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Inside An Autograph-Hungry Mob Of Dale Earnhardt Jr. Fans

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While trying to interview Dale Earnhardt Jr. on Friday following his Nationwide Series qualifying lap, I was suddenly sucked into the middle of a fan mob.

Even if they've only seen it on TV, NASCAR fans are all familiar with the horde of autograph-hungry people who swarm the sport's most popular driver everywhere he goes. And whether I liked it or not, I was right in the center of it.

I sensed that I had suddenly had no control over the situation and was no longer choosing which direction I traveled, like being pulled out to sea by a riptide.

It felt like total chaos. There were hands everywhere, some just grabbing for a touch of Earnhardt Jr.'s firesuit but most thrusting their yet-to-be-autographed programs and diecast cars and garage passes into Junior's path.

"Big hole! He's got to walk right through here!" his public relations representative Mike Davis yelled, trying to clear a path to a waiting golf cart.

There was jostling and bumping and craziness and noise. Many people shouted words of encouragement, some tried to get his attention for an autograph ("Dale! Over here, bud!") and others said bizarre things like, "Nebraska Bonnie Sims says hello!"

Say what?

Earnhardt Jr. calmly navigated the crowd with ease, signing everything stuck in his face and even continuing the interview as I merely tried to survive.

"I'm just a big paint scheme buff and historian, you know?" he said of driving his dad's famous No. 3 car. "So it's pretty cool. But I didn't get no weird feeling (about being in the car). I doubt I will, unless I win."

I never even heard his answer until I listened to my tape recorder later. Being in the middle of a crowd like that was such a blur, I couldn't seem to focus on anything he was saying.

Suddenly, we reached the golf cart. With every other route blocked by fans, it was the only escape.

"You wanna get on the cart?" a sympathetic Earnhardt Jr. offered.

Uh, YES!

Earnhardt Jr. hopped in the front seat and the cart driver started to pull away as fans walked quickly alongside with the sport's most popular driver still signing away all the while.

"Guys, that's it! No more running!" Davis hollered.

But a few fans kept running. One broke into an all-out sprint to hand Earnhardt Jr. an orange No. 88 diecast, and the driver grabbed it as the cart pulled away and left the fan in the dust.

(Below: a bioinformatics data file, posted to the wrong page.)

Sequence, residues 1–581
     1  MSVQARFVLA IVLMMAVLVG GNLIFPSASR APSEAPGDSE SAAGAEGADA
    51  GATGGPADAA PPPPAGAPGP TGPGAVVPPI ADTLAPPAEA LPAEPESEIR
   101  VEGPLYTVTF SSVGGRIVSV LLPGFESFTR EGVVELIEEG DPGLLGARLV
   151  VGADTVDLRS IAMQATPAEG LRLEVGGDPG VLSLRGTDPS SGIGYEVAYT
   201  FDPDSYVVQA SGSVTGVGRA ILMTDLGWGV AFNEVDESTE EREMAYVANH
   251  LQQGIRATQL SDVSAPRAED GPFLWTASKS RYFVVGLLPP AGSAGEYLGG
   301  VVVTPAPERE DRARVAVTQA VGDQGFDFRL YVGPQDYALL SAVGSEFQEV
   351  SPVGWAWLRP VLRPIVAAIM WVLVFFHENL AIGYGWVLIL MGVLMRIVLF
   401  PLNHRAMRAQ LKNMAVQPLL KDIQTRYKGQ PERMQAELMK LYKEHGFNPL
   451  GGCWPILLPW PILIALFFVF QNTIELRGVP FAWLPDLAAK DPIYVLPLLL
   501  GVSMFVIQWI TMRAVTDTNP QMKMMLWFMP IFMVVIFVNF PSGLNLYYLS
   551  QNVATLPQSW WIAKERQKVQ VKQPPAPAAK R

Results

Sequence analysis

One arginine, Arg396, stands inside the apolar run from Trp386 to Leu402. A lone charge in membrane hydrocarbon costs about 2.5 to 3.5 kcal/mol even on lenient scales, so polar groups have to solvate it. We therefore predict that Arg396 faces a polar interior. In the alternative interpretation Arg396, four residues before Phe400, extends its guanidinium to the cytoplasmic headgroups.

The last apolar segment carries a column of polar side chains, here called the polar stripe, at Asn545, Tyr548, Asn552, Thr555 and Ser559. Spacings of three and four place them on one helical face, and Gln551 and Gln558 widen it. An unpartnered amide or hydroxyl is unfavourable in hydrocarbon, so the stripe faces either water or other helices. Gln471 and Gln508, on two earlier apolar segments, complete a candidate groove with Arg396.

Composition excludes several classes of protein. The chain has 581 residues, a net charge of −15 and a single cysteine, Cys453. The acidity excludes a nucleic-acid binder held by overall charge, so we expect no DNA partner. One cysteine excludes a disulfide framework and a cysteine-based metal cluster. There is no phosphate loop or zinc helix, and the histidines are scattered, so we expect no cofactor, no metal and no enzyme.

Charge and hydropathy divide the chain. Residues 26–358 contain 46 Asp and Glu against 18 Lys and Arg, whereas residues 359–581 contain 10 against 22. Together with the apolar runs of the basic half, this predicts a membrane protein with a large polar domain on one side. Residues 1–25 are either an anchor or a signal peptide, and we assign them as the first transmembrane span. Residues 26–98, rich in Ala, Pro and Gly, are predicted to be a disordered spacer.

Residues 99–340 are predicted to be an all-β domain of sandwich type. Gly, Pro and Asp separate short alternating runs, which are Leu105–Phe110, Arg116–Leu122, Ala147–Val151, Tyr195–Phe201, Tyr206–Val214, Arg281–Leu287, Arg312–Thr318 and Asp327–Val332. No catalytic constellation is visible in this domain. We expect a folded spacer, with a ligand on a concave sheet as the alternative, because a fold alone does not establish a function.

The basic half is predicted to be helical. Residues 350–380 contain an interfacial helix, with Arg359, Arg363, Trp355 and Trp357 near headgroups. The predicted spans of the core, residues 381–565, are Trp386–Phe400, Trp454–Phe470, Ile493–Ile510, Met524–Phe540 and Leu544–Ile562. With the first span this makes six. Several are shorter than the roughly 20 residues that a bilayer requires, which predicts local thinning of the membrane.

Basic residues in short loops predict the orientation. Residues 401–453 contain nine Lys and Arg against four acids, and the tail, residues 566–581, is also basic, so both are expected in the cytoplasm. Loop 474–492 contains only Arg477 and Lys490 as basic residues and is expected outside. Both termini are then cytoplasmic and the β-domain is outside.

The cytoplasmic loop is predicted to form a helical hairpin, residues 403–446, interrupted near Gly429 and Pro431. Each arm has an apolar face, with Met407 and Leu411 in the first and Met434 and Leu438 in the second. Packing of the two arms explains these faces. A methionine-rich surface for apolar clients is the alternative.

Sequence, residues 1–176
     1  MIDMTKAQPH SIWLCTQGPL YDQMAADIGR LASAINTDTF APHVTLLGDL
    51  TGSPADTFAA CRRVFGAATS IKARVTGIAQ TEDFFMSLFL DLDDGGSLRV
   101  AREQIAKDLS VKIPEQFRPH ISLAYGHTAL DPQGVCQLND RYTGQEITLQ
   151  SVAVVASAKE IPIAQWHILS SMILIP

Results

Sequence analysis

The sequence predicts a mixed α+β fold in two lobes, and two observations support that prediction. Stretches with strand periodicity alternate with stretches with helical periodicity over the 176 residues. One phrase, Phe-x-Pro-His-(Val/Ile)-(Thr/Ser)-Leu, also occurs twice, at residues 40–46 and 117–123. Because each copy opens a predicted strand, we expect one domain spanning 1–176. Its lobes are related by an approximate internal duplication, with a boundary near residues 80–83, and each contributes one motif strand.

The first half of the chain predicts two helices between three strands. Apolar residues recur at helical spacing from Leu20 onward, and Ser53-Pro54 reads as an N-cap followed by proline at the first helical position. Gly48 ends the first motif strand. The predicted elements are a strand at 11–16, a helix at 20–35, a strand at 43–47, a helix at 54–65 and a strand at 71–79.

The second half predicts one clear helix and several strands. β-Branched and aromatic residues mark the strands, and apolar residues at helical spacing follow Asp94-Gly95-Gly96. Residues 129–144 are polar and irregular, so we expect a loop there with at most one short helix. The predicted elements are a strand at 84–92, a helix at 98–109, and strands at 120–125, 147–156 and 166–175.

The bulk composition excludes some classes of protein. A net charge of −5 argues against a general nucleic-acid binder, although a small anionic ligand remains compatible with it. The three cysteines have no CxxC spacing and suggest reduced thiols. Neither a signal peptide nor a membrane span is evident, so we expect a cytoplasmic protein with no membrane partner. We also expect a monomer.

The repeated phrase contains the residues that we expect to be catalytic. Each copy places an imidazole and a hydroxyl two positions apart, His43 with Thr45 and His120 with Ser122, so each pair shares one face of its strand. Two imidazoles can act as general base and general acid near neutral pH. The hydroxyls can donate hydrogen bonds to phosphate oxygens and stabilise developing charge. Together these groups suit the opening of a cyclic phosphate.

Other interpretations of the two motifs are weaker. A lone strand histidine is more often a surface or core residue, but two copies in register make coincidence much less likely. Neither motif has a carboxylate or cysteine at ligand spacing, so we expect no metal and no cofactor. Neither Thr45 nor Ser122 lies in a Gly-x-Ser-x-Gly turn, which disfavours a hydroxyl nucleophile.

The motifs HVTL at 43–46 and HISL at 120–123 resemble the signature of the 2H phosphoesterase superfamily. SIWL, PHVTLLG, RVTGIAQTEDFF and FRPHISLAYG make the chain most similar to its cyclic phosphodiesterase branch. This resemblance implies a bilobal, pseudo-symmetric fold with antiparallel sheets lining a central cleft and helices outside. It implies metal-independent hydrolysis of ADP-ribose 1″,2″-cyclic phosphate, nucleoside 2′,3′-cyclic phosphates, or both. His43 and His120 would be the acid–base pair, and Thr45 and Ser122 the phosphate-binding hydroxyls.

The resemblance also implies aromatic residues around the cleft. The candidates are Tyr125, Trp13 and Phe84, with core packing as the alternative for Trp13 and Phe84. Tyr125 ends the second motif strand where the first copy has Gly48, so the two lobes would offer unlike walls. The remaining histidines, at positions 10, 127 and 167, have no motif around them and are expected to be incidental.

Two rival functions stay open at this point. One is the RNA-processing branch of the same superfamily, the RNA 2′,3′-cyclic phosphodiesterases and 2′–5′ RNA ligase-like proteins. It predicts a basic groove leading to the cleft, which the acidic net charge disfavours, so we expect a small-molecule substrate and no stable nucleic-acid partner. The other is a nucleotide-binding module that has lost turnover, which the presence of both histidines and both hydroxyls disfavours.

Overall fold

Earnhardt Jr. signed it and asked the driver to slow down for a moment. The fan, who would have given Usain Bolt a challenge in the 100-meter dash, caught up to the cart and Earnhardt Jr. handed him the diecast.

"Thank you Junior! Good luck buddy!" he said.

As we finally pulled away from the last of the crowd, a sense of relief washed over me. Earnhardt Jr., though, was had been completely unfazed the whole time.

After all, this was as normal for him as deciding not to shave in the morning. But it gave me a whole new appreciation for how drivers deal with fan demands.

How the heck does anyone ever get used to that?

"For me, I don't know why, but I thought when I first started racing that it was going to be tough to deal with," he said as the cart zoomed along. "But then you get a little further along in your career, and you're like ––"

Suddenly, he interrupted himself and told the driver, "Slow down."

Earnhardt Jr. had spotted a little boy in a wheelchair up ahead, the boy's leg propped straight out in a neon green cast. The boy had an Earnhardt Jr. diecast in his hand.

The golf cart stopped next to the wheelchair and Earnhardt Jr. pulled back the cart's plastic rain cover.

"Sign that for you, buddy?" he asked the boy.

The boy handed it over, Earnhardt Jr. signed the diecast and the cart suddenly took off again.

"Anyway," Earnhardt Jr. continued, "I just started thinking, 'What's it gonna be like when it's all gone?' It's just part of what you do. And it won't always be. I know it sounds ridiculous, but you start to appreciate it, welcome it."

The cart slowed down and took a right turn into the relative peace and quiet of the driver/owner motorhome lot.

I understood what Earnhardt Jr. was saying. But I still didn't understand how he did it time after time. When you're surrounded by madness, how does anyone keep a clear head?

"Well, you just want them to remain cool," he said. "You can only sign 'em so fast, and everybody's like shouting your name and you're like, 'Well I'm here! I'm standing right next to you!'

"But for the most part, you just do as many as you can, but you keep moving. I keep going toward whatever I'm doing. Like if I'm on my way to the drivers meeting, I don't slow my pace down too much. I just try to get as many as I can at a time."

I hopped off the cart, grateful for the insight and the escape vehicle. But while I felt like I'd experienced something new, Earnhardt Jr. wasn't optimistic anyone would want to read about such an everyday occurrence.

"You're going to have a hard time making something out of that," he said with laugh.